In the midst of her very busy writing and pioneering, Catharine never neglected her family.  As Charlotte Grey put it, “Motherhood came as naturally to Catharine as breathing.  It was the most meaningful activity in her life.  She was always prepared to give more love than she took, and she saw no conflict between her family and her impulse to write.”

My prayer is that every mother reading this article would receive that same strength as Catharine Parr Traill in the challenges of life.

 

 

The Rev. Dr. Ed Hird, BSW, MDiv, DMin

-previously published in the Deep Cove Crier

-award-winning author of the book Battle for the Soul of Canada

for better for worse-Click to check out our newest marriage book For Better For Worse: discovering the keys to a lasting relationship on Amazon. You can even read the first two chapters for free to see if the book speaks to you.

 

-The sequel book Restoring Health: body, mind and spirit is available online with Amazon.com in both paperback and ebook form. In Canada, Amazon.ca has the book available in paperback and ebook.

It is also posted on Amazon UK (paperback and ebook ), Amazon France (paperback and ebook), and Amazon Germany (paperback and ebook).

Restoring Health is also available online on Barnes and Noble in both paperback and Nook/ebook form.  Nook gives a sample of the book to read online.

Indigo also offers the paperback and the Kobo ebook version.  You can also obtain it through ITunes as an IBook.

To receive a signed copy within North America, just send a $20 cheque (USD/CAN) to ED HIRD, #102-15168 19th Ave, Surrey, BC V4A 0A5.

– In order to obtain a signed copy of the prequel book Battle for the Soul of Canada, please send a $18.50 cheque to ‘Ed Hird’, #102-15168 19th Ave, Surrey, BC V4A 0A5.

For mailing the book to the USA, please send $20.00 USD.  This can also be done by PAYPAL using the e-mail ed_hird@telus.net . Be sure to list your mailing address. The Battle for the Soul of Canada e-book can be obtained for $4.99 CDN/USD.

-Click to purchase the Companion Bible Study by Jan Cox (for the Battle of the Soul of Canada) in both paperback and Kindle on Amazon.com and Amazon.ca 


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Simon Fraser: Canada’s most successful failure

By the Rev. Dr. Ed Hird

A number of years ago, my middle son Mark graduated from Simon Fraser University in Chemistry.  SFU was named in 1963 by Leslie Peterson, the Provincial Minister of Education, because SFU overlooks the very river where Simon Fraser made his historic journey to the Pacific Coast.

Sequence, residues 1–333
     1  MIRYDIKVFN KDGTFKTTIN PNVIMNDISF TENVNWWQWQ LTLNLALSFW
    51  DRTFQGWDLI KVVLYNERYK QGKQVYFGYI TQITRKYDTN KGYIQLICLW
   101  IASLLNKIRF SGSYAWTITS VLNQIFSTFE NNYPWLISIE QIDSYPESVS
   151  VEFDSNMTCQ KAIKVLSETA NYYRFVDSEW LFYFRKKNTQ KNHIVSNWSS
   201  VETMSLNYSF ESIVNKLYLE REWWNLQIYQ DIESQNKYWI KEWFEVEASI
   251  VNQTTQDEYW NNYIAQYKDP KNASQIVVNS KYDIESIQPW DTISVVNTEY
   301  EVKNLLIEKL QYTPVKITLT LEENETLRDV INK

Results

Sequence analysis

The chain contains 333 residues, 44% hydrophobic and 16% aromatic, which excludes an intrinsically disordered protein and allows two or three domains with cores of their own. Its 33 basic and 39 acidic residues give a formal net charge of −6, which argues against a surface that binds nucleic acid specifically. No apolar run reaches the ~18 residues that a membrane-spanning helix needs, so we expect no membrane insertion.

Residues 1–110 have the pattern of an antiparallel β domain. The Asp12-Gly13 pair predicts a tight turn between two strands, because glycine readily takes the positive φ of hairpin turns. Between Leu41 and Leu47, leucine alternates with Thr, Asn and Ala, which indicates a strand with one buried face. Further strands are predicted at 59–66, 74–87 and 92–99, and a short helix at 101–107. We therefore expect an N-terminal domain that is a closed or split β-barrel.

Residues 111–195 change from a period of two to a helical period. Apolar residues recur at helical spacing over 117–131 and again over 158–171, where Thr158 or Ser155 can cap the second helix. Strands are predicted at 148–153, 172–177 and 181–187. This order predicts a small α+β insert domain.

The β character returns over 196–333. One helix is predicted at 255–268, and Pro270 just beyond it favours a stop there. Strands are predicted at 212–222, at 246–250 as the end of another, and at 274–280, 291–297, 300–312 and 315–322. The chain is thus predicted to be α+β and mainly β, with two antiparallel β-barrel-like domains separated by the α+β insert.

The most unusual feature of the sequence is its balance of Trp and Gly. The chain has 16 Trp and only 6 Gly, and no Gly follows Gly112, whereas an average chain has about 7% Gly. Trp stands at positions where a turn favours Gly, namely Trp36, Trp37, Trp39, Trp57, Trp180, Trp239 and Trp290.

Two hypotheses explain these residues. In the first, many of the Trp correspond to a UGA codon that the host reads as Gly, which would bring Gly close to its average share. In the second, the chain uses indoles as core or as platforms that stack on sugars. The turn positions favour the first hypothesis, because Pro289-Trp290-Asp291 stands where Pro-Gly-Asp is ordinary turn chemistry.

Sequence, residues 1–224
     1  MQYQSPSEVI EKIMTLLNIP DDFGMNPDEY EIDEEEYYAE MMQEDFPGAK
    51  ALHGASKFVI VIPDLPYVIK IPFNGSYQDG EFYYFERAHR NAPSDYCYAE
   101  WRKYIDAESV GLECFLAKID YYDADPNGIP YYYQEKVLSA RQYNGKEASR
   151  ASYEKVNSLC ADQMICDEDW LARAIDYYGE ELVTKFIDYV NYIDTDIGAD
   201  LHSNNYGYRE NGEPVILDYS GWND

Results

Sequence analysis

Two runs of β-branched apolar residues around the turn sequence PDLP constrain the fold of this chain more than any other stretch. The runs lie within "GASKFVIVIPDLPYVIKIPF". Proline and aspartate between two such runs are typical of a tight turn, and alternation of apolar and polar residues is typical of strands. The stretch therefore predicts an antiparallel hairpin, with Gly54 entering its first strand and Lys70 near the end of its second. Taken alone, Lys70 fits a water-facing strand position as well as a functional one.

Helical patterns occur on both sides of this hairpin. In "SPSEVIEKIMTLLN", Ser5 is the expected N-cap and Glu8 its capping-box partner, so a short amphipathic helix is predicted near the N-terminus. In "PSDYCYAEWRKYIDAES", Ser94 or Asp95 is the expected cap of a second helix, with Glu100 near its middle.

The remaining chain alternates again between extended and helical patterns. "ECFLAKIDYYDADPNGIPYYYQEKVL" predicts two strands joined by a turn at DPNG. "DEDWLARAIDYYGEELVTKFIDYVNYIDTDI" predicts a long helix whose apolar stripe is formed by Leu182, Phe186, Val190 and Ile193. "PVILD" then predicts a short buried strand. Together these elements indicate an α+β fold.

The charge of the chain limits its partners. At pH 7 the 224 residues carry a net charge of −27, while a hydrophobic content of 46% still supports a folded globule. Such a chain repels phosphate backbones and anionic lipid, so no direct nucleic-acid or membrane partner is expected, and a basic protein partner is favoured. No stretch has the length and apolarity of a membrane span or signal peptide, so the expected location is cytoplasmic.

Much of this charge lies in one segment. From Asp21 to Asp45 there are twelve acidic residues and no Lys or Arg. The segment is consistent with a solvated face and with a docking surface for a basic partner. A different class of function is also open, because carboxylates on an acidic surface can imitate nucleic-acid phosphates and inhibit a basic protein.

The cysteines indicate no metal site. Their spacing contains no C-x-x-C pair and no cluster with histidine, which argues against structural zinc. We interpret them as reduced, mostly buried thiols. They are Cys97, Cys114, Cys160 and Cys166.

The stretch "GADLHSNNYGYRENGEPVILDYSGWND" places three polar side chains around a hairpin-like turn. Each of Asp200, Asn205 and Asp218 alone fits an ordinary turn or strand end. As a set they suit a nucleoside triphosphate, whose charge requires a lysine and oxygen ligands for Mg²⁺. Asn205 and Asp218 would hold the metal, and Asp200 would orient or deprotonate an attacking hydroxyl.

My earliest memory of SFU was walking through the beautiful new plazas in the 1960’s, and then hearing about the student protests that paralyzed the university.  One of the most puzzling demands of the students was that SFU be renamed Louie Riel University.  What is it about Simon Fraser the Explorer that seems to both repel and attract people?  Why is it that he is the least well known of all Canadian explorers?

 The Greater Vancouver Book holds that Simon Fraser could be called the founding father of British Columbia because he built the first colonial trading posts west of the Rockies. Fraser, however, is best known for his bold exploration of the great river which bears his name.  On the Canadian Peace Tower in Ottawa is the verse “He shall have dominion from sea to sea” (Psalm 72:8) By Simon Fraser’s heroic journey to the Pacific Coast, he made it possible for the Dominion of Canada to stretch from sea to sea. Fraser’s was the third expedition to span the continent of North America: after Alexander Mackenzie and Lewis & Clarke.  Simon Fraser felt like a total failure when he reached the Pacific Coast.  Yet his remarkable quest kept Canada from remaining land-locked at the Alberta border.  Simon Fraser was one of the most successful failures that Canada has ever known.

Descended from a well-known Scottish Highland family, the Lovat Frasers, Simon ‘Jr.’ was the youngest son of Simon Fraser of Culbokie and Isabel Grant of Duldreggan.  In September 1773 the family joined a celebrated migration of Highlanders who travelled to America on the SS Pearl to seek their fortunes in the New World. In 1775, the year before the birth of their ninth child Simon, the first shots in the American Revolution were fired.  Simon’s Pro-British father was captured at the Battle of Bennington.  Every time he and his older son refused to join the rebels, his wife was fined another farm animal.  Simon Sr. died  thirteen months later from harsh treatment as a prisoner in the Albany jail.  Mrs. Fraser fled as a United Empire Loyalist with her family to Canada in 1784.

When Simon turned 16, his Uncle John Fraser, a Montreal judge found him a seven-year clerical apprenticeship with the famous North West Company of Montreal.  In 1793 Simon was sent to the Athabascan wilderness to learn his trade at the secluded Peace River posts. By 1802 he was selected as one of the company’s youngest partners.

In 1805 Simon was chosen for the important role of expanding the company’s trade to the land west of the Rocky Mountains from 1805-1808.  His mandate from the North West Company was to cross the Rockies and establish trading relations with the Indigenous people in the interior of what is now British Columbia, but which Fraser named New Caledonia. According to family tradition, Fraser selected the name New Caledonia because the country reminded him of his mother’s description of Caledonia, the ancient Roman name for the Scottish Highlands.  Between 1805 and 1807 Fraser set up the first four forts west of the Rockies at McLeod, Stuart and Fraser Lakes and Fort George, making himself the pioneer of permanent settlement, in what is now the mainland of BC.